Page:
“As churches have faced increasingly unpleasant generational conflict, one solution that seems to ameliorate the problem is to offer separate-but-equal opportunities. For example, in regard to the worship wars, churches might provide separate worship hours, encouraging each generation to shape it’s own worship to shape its own worship tastes.
Thus the youth group can enjoy loud music, flashing lights and cool videos; the Millennials can pull into their intimate settings, Gen X’ers can have the contemplative yet technologically savvy style; Boomers can choose old-rock-style praise tunes using guitars and drums; the older generation can sing traditional hymns; and the children get to sing “Father Abraham” as often as they wish.
All in all, a very amenable solution- except it is a perfect recipe for generational isolation. This solution arises from an individualistic outlook that emphasises personal needs, rather than communal needs. And “when the needs of the individual are preeminent, generational fragmentation is inevitable” 
Sadly, a major obstacle in attempting to include or integrate children back into adult church is often the adults themselves who’ve gotten used to children no longer being present:
“They prefer, in many cases, to being able to worship without the distractions children bring. There are instances where adults deliberately arrive at church late in order to avoid being there while children are present. It seems that many have forgotten what church is meant to be” 
We must ask ourselves, is this the message we want the smallest and most vulnerable in the faith to receive? It appears that older church members may not be aware of the impact, for both good and bad, they can have on children and young people in the church. More training and input needs to be given to the adults on the significance of how they relate to young people and children in the church and the enormous opportunity there is to influence their faith development and understanding of their place and importance within the body of Christ.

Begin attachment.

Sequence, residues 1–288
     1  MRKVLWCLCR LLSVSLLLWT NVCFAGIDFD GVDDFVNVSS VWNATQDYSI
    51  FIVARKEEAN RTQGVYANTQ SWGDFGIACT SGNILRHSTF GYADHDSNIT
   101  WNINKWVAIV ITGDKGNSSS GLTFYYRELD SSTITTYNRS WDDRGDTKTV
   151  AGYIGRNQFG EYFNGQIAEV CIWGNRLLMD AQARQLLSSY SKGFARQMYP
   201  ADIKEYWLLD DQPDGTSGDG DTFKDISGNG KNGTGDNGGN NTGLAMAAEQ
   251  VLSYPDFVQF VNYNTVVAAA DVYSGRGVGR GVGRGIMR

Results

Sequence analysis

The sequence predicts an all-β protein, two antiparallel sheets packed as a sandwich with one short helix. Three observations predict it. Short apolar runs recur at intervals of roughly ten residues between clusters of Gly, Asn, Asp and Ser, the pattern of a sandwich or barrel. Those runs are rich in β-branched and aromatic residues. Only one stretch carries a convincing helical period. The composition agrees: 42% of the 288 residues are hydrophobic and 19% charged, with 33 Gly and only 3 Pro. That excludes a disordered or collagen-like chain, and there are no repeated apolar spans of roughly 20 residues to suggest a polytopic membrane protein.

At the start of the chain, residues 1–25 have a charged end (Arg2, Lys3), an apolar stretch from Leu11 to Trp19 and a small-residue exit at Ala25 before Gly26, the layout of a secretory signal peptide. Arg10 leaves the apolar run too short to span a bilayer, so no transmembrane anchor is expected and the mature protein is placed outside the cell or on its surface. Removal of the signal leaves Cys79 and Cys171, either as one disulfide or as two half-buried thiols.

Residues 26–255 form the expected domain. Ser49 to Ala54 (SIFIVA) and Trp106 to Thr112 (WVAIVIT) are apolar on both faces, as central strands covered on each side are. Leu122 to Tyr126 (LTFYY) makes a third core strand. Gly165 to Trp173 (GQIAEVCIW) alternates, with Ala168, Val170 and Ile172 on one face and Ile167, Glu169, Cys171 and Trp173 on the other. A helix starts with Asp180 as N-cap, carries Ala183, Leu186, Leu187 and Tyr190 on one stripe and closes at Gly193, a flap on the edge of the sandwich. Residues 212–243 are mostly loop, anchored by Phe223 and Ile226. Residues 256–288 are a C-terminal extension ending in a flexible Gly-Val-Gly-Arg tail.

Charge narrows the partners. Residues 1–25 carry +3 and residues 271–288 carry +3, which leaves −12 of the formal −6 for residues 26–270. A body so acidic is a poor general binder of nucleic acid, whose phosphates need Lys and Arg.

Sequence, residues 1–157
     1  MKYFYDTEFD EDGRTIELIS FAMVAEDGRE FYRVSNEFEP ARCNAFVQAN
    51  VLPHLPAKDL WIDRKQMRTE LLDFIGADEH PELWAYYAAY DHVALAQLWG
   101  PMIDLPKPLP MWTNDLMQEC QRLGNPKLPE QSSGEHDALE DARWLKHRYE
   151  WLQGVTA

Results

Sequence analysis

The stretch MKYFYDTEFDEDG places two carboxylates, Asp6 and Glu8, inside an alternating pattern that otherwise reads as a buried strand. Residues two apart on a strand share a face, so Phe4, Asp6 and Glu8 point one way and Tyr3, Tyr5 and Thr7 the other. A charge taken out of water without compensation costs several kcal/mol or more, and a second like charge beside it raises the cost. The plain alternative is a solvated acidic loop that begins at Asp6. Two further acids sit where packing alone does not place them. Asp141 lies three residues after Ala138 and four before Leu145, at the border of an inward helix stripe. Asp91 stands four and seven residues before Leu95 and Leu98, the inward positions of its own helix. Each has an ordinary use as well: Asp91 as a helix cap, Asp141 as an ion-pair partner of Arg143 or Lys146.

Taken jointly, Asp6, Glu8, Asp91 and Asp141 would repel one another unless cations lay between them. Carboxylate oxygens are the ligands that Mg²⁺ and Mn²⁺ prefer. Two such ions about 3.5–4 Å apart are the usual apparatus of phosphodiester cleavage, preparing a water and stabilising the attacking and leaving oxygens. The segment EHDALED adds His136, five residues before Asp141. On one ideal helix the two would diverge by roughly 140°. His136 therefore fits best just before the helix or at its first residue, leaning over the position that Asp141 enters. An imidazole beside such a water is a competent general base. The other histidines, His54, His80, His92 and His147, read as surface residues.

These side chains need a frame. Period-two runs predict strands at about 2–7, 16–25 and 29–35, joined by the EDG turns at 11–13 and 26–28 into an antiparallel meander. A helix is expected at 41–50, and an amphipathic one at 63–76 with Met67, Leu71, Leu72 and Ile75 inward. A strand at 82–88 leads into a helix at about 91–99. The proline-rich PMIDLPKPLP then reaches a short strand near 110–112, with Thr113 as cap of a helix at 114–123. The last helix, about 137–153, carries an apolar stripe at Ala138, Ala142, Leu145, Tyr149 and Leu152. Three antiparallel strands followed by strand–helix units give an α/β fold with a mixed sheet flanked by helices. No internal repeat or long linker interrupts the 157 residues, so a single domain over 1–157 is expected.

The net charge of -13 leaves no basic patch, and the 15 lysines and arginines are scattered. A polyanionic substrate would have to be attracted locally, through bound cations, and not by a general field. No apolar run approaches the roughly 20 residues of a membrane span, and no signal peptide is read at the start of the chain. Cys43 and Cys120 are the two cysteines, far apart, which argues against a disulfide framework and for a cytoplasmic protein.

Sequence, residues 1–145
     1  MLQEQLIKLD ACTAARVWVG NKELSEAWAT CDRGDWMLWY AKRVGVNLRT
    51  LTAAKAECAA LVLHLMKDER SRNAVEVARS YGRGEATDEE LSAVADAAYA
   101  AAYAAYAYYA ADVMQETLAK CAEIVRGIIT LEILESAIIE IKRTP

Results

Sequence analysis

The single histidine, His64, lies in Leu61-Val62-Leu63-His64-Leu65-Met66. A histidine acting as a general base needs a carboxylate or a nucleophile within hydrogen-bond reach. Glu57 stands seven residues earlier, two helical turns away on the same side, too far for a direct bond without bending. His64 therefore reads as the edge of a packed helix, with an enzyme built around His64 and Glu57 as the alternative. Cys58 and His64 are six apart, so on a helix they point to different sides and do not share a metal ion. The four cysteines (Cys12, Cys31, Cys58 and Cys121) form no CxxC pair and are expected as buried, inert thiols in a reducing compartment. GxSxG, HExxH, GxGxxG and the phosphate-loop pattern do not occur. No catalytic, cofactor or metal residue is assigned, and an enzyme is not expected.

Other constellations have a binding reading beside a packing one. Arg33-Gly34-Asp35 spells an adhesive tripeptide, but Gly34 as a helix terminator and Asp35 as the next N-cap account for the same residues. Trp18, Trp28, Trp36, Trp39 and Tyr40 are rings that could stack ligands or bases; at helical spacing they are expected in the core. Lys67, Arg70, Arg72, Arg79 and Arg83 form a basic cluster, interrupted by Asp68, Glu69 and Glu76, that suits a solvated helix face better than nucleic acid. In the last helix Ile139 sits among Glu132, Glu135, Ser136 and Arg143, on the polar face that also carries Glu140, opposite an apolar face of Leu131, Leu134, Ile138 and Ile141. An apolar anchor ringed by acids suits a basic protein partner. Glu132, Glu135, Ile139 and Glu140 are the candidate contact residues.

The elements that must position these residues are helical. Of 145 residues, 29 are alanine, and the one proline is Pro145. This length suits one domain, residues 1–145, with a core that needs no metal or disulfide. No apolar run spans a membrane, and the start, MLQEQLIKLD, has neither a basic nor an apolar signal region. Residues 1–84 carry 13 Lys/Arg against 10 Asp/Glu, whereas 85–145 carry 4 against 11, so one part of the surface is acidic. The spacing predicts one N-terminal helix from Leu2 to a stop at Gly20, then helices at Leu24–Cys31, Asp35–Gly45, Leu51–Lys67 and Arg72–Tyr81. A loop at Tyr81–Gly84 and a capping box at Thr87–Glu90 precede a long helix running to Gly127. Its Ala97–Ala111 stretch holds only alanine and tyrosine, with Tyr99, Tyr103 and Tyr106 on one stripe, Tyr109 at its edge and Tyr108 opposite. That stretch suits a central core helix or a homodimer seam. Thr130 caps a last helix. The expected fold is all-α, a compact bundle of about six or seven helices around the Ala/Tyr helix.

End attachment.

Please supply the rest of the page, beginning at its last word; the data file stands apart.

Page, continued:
NEXT POST: The next post in the series will be –‘Make a Philosophical Shift in Core Values’.
Other blogs in this series:
* Intergenerational Ministry Part 1: ‘Why Intergenerational Ministry’
* Intergenerational Ministry Part 2: ‘Carefully Manage Age Segregation’
* Intergenerational Ministry Part 3: ‘Build Social Capital’
* Intergenerational Ministry Part 4: ‘Create Structures that Span Life Stages’
* Intergenerational Ministry Part 5: ‘Develop Intergenerational Serving Ministries’
* To download a full copy of E.M’s research on this topic head to the ‘Intergenerational Ministry’ page on this website.
 Dr. K.E. Powell and Dr. C. Clark: Sticky Faith.
 J. Roberto: ‘The Importance of Intergenerational Community For Faith Formation’.
 T. P. Jones: Perspectives on Family Ministry.
 J. Helopoulos: ‘Should Your Kids Stay in the Church Service? Six Reasons Why Being Present for the Full Service Can Be Good For Children’.
 D. Goodwin: Lost in Transition –or Not: ‘Addressing the Problem of Children Leaving the Church as they Make the Transition from Childhood to Youth’.
 L. Francis and P. Richter: Gone for Good?.
 Sticky Faith.
 H. C. Allen and C.L. Ross: Intergenerational Christian Formation: ‘Bringing the Whole Church Together in Ministry, Community and Worship’
 H. C. Allen and C. L. Ross: ‘Why Churches Tend To Separate Generations’.
 Lost in Transition.